image of a long term vehicle storage facilityWhile your mean machine may own the summer streets abound, the side effects of a chilly winter are nothing to sneeze at: sleet, snow, road salt and the possibility of playing an icy round of bumper cars with your driving peers is enough to scare any car enthusiast into staying home.

Indeed, there eventually comes a time when you must consider laying your prized road warrior to rest for the cold seasons. Here are the things you should consider as you prepare your ride to exit the roads and enter into long term vehicle storage.

1. Check All Fluids

Before even considering putting your vehicle into a storage facility, ensure that all fluids are current on maintenance. This includes being up-to-date on oil changes, along with coolant, transmission and brake flushes. If these flushes have already been conducted, ensure that each of them are adequately topped off; don’t forget to fill your windshield washer fluid, as well. You will also want to add a bottle of fuel stabilizer to your gas tank to keep moisture out of your gasoline during your vehicle’s downtime.

2. Wash And Wax

You don’t want to let the dirt and grime of summer driving stay on your car for the duration of the cold seasons. To prevent this from happening, be sure to give your car an attentive hand wash. Once you are finished, quickly dry off the surface of your vehicle with a microfiber towel to prevent the accumulation of water spots. You may also want to consider giving your vehicle a wax, either by hand or with a machine applicator, before submitting your ride to a long term vehicle storage unit.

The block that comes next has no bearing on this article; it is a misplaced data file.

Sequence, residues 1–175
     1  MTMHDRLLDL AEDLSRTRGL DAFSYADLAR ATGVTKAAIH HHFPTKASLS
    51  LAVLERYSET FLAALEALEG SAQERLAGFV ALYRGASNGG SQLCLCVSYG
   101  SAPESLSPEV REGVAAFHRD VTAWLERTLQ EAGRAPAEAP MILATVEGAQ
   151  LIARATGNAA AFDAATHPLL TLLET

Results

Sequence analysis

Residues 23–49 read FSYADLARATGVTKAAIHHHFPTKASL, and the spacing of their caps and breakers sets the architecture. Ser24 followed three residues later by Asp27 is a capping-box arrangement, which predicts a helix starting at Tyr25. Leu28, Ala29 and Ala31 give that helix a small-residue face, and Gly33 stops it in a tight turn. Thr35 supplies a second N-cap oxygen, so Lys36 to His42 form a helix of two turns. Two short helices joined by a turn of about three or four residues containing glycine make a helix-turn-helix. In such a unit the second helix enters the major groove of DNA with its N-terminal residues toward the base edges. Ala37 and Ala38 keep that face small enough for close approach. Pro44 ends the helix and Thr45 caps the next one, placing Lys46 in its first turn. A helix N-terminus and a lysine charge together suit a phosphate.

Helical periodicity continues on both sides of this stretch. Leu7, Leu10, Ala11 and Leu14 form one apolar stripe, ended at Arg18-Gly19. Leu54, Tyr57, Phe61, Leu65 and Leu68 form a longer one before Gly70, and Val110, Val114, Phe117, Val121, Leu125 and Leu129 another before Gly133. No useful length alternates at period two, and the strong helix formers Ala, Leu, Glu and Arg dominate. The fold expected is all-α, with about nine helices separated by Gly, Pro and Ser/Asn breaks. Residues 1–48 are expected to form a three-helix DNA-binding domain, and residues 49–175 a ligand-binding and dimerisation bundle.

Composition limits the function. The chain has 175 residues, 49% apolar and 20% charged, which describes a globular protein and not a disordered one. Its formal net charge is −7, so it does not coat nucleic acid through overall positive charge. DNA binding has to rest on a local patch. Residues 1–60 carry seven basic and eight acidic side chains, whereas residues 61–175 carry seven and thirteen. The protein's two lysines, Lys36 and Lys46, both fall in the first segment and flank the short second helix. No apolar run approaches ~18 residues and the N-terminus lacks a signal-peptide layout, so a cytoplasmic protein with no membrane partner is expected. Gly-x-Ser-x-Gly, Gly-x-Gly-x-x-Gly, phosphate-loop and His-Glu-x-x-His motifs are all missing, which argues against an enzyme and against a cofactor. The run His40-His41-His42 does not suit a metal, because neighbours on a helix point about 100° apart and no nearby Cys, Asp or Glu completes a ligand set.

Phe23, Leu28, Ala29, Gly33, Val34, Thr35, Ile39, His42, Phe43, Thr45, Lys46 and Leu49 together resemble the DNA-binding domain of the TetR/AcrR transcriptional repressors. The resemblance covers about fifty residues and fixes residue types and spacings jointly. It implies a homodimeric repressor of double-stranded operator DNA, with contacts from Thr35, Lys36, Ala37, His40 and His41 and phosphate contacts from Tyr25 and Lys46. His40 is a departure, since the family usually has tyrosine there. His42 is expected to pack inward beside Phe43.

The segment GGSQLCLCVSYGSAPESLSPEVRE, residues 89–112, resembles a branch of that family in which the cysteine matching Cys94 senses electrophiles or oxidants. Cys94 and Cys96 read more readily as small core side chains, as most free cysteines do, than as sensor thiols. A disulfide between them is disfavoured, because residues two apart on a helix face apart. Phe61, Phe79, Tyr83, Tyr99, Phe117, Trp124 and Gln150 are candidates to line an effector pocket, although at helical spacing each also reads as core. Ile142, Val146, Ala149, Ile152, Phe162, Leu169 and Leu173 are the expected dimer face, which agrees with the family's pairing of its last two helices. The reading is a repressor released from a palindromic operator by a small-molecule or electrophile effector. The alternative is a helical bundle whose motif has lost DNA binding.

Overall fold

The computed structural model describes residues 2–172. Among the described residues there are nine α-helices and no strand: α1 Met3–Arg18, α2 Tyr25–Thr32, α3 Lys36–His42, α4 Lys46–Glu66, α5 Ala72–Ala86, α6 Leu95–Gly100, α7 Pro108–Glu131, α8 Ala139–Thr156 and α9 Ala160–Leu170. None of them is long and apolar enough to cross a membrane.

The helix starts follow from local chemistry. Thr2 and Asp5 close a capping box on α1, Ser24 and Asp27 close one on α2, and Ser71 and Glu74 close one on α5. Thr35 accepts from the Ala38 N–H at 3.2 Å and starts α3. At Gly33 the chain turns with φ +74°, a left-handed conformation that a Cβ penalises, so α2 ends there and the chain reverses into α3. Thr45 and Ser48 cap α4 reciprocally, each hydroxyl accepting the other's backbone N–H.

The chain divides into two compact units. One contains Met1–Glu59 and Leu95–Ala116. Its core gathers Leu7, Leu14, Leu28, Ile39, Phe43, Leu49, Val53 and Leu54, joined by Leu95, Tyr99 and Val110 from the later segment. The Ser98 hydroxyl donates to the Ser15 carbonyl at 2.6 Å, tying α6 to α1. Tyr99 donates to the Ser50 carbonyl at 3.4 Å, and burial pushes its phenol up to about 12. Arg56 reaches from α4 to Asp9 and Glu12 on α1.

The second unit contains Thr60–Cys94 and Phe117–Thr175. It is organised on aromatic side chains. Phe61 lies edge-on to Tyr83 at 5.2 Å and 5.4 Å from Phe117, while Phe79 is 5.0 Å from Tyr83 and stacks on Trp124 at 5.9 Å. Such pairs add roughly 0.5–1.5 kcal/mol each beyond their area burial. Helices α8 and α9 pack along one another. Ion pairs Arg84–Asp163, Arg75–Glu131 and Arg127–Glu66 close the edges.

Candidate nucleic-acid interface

3. Check Your Battery

The likelihood of your vehicle starting right up on the first day of spring is highly reliant upon the health of your battery. As a result, you should have your battery inspected; this includes measuring its voltage capacity, recharging your battery as needed and treating the battery posts for any corrosion. Finally, when you nestle your car into its final resting place for the season, unplug the negative lead wire; this way, you cut the power flow through the vehicle, thus locking the maximum amount of energy within the battery.

4. Custom Cover

Depending on where you plan on storing your vehicle (and based on your personal preference), you may want to consider investing in a custom car cover. This will prevent dust and other airborne debris from accumulating on your vehicle while it’s hibernating.

5. Long Term Vehicle Storage

Possibly the most important piece of protecting your car during the cold seasons, you want to ensure that you choose a safe and secure facility to hold your vehicle for the next six months. The high end car storage at JP Logistics include 24-hour surveillance, come with detailing services, are climate-controlled and more.

For complete details on how JP Logistics can help you protect your vehicle until spring returns, contact us by phone or email, or stop by at our headquarters. We look forward to keeping your car safe this winter.

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